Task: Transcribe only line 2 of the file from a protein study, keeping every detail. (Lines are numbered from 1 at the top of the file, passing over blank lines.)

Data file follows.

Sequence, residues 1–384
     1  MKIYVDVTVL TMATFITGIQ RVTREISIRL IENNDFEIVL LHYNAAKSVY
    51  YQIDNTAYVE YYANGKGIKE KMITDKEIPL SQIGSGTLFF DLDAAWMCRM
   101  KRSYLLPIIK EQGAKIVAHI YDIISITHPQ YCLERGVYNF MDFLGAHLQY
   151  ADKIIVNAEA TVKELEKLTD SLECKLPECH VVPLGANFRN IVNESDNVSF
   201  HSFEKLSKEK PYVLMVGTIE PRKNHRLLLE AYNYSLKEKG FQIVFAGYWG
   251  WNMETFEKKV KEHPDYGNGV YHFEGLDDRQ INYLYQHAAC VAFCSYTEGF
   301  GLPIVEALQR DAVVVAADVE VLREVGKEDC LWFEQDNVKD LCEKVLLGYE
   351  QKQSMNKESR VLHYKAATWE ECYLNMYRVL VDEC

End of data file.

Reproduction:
     1  MKIYVDVTVL TMATFITGIQ RVTREISIRL IENNDFEIVL LHYNAAKSVY